In an extremely surprising and disappointing decision, the Supreme Court ruled last week in favor of an employer in an age discrimination case. The 5-4 decision showed the deep divide between the two sides on the issue, with the majority ruling that the employee must show that age was the primary factor in a wrongful employment action. The burden of proof of this discrimination falls on the employee bringing the claim, and not on the employee.
Clarence Thomas, speaking for the majority stated that “the burden of persuasion does not shift to the employer to show that it would have taken the action regardless of age…even when a plaintiff has produced some evidence that age was one motivating factor”.
The case was Gross v. FBL Financial Services, where Jack Gross was effectively demoted in title and responsibility, with part of his work load going to a younger female employee who used to report to him directly. Gross brought a case against FBL Financial, and was awarded $46.945 by the jury. On appeal, this award was overturned, leading to the Supreme Court fight.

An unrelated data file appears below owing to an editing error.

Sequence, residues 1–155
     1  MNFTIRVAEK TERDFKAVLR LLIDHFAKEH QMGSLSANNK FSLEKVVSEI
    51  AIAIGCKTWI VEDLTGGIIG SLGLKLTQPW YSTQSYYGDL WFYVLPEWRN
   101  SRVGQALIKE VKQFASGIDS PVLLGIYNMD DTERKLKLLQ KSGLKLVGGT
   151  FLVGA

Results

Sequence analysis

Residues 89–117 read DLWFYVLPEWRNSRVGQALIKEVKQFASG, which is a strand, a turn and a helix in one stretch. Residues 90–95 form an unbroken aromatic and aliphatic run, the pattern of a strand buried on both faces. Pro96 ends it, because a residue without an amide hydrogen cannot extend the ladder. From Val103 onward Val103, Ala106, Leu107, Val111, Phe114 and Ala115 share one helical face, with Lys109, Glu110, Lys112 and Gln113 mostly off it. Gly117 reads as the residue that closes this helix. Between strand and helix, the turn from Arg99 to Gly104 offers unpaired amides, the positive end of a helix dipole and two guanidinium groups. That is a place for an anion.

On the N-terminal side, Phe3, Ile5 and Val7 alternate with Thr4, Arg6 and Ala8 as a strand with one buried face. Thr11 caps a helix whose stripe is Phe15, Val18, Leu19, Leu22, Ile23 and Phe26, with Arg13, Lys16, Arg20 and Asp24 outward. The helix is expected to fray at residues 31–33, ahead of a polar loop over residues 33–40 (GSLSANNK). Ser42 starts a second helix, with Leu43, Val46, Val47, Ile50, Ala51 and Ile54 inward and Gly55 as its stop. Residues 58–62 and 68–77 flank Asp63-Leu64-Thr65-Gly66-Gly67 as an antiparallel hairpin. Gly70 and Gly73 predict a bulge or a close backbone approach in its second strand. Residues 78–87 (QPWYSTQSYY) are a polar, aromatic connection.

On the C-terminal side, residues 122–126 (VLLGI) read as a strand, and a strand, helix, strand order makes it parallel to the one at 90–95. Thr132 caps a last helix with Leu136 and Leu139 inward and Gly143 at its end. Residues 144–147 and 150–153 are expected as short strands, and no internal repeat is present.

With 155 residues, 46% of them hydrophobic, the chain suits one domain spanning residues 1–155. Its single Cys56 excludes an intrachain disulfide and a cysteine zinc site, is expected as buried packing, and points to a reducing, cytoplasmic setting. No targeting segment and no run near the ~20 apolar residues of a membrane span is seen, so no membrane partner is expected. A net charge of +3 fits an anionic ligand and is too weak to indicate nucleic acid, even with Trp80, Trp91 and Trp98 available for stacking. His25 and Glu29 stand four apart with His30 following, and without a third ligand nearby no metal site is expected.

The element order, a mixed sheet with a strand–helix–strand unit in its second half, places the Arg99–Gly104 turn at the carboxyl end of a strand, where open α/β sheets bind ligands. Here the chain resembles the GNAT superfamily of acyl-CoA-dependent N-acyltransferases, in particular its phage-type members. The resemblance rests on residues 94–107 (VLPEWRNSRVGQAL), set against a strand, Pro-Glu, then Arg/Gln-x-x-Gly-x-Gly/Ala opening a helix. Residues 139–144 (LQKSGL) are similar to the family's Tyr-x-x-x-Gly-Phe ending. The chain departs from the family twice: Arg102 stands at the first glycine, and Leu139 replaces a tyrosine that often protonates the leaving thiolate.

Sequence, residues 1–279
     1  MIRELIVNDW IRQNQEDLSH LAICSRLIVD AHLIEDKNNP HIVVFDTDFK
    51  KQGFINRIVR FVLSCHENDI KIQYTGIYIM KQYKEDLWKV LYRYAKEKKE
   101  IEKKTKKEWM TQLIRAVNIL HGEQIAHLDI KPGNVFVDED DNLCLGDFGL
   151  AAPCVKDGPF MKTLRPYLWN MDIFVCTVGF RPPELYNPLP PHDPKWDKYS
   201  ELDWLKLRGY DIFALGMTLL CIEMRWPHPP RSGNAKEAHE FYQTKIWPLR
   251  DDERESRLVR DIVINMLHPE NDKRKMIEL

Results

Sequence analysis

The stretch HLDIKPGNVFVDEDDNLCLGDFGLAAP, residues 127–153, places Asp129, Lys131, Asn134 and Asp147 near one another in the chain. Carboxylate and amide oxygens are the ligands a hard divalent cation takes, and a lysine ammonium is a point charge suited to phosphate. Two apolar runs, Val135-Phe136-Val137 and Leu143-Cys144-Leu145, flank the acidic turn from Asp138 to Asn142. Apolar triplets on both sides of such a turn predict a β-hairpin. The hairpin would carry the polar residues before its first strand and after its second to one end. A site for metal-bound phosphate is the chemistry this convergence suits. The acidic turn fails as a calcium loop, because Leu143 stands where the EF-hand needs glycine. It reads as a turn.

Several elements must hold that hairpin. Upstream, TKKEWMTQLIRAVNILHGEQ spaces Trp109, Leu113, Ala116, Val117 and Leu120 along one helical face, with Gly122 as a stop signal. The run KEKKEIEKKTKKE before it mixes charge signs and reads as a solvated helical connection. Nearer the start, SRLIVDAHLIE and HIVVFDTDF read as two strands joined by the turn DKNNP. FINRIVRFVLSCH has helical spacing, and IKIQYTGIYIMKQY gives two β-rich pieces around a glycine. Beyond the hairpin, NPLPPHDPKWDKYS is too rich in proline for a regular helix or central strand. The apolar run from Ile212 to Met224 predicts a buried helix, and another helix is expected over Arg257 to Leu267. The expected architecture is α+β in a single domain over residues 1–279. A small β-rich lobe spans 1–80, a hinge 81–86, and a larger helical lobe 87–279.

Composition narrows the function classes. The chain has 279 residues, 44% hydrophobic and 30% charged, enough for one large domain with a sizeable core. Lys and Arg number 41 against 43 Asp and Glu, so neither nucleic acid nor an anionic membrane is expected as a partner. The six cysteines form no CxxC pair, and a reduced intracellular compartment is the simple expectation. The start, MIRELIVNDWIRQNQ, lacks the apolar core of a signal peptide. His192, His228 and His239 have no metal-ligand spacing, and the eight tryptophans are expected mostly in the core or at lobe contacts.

This is a very disappointing sign for working Americans, especially as the workforce continues to get older. Businesses are now more empowered to let go of older workers as costs rise, and replace them with younger and cheaper employees.
This conservative bench has been no friend of workers, ruling first against Lilly Ledbetter in her case against Goodyear fighting for pay equality. In that case, Congress stepped in to correct the law and work to ensure equal pay for men and women. Hopefully, Congress will take the right step here and shore up the rights of older workers.
Just like other forms of discrimination, age discrimination is no more tolerable in our society than others and we should stand up for older workers.